A Kunpeng 920 chip designed by Huawei's HiSilicon subsidiary bearing the internal name of Hi1620 is on display during a launch event at the Huawei headquarters in Shenzhen, Guangdong, China, on 7 January 2019. (Sijia Jiang/File Photo/Reuters)
A Kunpeng 920 chip designed by Huawei's HiSilicon subsidiary bearing the internal name of Hi1620 is on display during a launch event at the Huawei headquarters in Shenzhen, Guangdong, China, on 7 January 2019. (Sijia Jiang/File Photo/Reuters)

Secondly, putting pressure on countries that provide chip manufacturing equipment to China. The Semiconductor Manufacturing International Corporation (SMIC) is China’s largest chip manufacturer. The most advanced chip it produces is the 14nm chip. Presently, TSMC is able to produce 5nm chips. There are still many missing nodes between the 14nm chip and the 5nm chip. In particular, the 9nm chip is a hurdle that is hard to cross. The extreme ultraviolet (EUV) lithography machine is the crucial equipment that could reduce the gap between 14nm and 5nm, and the small and medium enterprises of the US, Netherlands and Japan control over 90% of the world’s semiconductor manufacturing equipment.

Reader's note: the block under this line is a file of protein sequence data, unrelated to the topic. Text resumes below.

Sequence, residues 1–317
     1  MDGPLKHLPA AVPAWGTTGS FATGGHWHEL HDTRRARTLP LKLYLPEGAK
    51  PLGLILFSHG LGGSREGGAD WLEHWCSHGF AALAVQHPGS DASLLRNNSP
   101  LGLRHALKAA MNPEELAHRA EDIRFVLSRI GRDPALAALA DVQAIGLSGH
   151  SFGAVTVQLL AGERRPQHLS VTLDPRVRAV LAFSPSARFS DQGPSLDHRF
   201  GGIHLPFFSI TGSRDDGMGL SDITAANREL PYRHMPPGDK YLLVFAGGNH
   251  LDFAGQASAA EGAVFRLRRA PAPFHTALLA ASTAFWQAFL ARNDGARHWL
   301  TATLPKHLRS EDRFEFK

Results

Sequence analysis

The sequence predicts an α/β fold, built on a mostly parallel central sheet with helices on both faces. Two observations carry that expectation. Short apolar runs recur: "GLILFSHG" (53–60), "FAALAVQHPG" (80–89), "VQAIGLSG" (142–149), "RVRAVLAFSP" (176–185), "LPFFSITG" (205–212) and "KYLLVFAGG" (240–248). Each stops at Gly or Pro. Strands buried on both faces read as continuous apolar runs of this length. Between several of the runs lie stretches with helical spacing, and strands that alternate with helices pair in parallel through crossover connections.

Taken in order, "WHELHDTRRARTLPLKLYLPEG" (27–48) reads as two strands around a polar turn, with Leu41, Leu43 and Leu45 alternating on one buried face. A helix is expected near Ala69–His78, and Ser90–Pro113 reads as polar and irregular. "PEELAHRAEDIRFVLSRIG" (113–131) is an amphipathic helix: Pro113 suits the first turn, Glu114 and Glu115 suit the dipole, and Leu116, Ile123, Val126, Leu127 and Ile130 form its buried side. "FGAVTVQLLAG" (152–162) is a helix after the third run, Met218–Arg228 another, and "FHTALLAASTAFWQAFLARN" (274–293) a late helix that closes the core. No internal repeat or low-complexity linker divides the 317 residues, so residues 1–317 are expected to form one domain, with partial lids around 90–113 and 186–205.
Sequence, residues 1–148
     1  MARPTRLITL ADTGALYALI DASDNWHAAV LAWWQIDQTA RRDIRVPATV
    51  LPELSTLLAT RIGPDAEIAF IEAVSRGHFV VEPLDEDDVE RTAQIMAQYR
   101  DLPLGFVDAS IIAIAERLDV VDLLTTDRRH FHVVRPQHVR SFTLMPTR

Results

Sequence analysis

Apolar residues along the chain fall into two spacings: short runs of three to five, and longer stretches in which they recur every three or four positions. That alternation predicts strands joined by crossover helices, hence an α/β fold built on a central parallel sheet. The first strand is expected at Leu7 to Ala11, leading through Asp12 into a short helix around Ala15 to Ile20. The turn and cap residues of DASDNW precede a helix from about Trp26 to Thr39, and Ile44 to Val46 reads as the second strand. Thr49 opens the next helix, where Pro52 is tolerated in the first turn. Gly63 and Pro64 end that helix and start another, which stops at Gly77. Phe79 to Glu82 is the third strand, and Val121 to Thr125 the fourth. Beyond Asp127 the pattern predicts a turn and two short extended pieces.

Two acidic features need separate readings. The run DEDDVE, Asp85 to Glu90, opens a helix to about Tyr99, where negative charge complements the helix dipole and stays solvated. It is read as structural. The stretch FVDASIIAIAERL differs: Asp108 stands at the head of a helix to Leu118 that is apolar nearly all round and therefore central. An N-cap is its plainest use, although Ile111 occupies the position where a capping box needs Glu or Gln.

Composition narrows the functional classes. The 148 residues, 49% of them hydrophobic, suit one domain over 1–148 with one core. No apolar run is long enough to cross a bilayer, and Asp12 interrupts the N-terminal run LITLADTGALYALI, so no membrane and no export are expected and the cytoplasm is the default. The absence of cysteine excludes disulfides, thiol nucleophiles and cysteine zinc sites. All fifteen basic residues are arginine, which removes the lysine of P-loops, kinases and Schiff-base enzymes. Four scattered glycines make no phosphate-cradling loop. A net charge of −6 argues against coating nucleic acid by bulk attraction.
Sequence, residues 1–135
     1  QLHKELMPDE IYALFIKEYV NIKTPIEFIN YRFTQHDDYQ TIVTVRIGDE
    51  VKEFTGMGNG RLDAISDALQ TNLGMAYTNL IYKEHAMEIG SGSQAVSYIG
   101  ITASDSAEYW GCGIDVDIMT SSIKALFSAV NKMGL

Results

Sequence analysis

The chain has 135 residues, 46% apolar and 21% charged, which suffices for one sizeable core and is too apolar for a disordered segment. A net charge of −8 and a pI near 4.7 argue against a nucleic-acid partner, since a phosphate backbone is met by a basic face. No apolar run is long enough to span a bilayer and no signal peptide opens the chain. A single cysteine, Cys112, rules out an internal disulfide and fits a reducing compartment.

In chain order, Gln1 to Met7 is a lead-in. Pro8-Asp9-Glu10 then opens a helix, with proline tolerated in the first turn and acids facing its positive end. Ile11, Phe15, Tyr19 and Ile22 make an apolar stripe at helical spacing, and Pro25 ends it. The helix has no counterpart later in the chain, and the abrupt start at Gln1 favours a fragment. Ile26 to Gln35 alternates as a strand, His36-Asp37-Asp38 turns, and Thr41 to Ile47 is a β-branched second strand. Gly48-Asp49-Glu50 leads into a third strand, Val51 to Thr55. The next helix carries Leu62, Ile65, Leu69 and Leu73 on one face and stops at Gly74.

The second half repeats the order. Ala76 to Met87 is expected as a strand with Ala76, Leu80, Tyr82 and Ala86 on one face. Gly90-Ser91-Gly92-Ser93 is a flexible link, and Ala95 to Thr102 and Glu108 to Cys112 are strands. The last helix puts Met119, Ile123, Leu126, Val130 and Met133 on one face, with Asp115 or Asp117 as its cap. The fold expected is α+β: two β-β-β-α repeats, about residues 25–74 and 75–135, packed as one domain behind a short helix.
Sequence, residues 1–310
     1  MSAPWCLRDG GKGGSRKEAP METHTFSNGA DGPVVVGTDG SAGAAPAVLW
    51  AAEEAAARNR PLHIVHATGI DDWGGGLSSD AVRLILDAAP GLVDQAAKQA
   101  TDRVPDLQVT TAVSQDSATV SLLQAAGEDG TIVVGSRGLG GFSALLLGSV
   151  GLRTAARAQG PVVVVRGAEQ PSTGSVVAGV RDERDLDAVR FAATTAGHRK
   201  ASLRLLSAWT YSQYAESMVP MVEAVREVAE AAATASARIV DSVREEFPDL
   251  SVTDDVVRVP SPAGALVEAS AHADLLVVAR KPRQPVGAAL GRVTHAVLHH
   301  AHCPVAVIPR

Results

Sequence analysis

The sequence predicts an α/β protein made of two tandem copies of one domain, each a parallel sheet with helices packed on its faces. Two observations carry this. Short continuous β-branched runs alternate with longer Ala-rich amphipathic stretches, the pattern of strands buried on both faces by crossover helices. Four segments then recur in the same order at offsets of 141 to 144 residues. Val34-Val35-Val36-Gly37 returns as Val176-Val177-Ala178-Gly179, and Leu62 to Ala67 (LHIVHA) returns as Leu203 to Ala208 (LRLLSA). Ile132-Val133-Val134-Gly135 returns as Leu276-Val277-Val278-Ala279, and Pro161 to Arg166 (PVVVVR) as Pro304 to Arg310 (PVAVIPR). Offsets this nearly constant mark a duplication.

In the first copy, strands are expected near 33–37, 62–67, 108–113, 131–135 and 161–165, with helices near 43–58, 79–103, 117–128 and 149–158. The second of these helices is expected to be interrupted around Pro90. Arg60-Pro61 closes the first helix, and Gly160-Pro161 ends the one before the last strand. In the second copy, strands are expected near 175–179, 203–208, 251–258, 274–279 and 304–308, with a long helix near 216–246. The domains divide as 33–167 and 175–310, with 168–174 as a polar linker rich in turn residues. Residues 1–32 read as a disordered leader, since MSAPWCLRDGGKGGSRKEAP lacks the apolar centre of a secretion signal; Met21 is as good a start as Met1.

The Netherlands’ ASML is the world’s only enterprise that produces EUV lithography machines. These machines can be used to produce faster and more powerful microprocessors, memory chips and other advanced parts. An exclusive report by Nikkei Asian Review published on 6 November 2019 said that ASML had delayed its supply of 7nm and below lithography machines to SMIC as “it does not want to make the US government upset”. The US has been trying to persuade the Netherlands government to cut its supply of lithography machines to SMIC since 2018.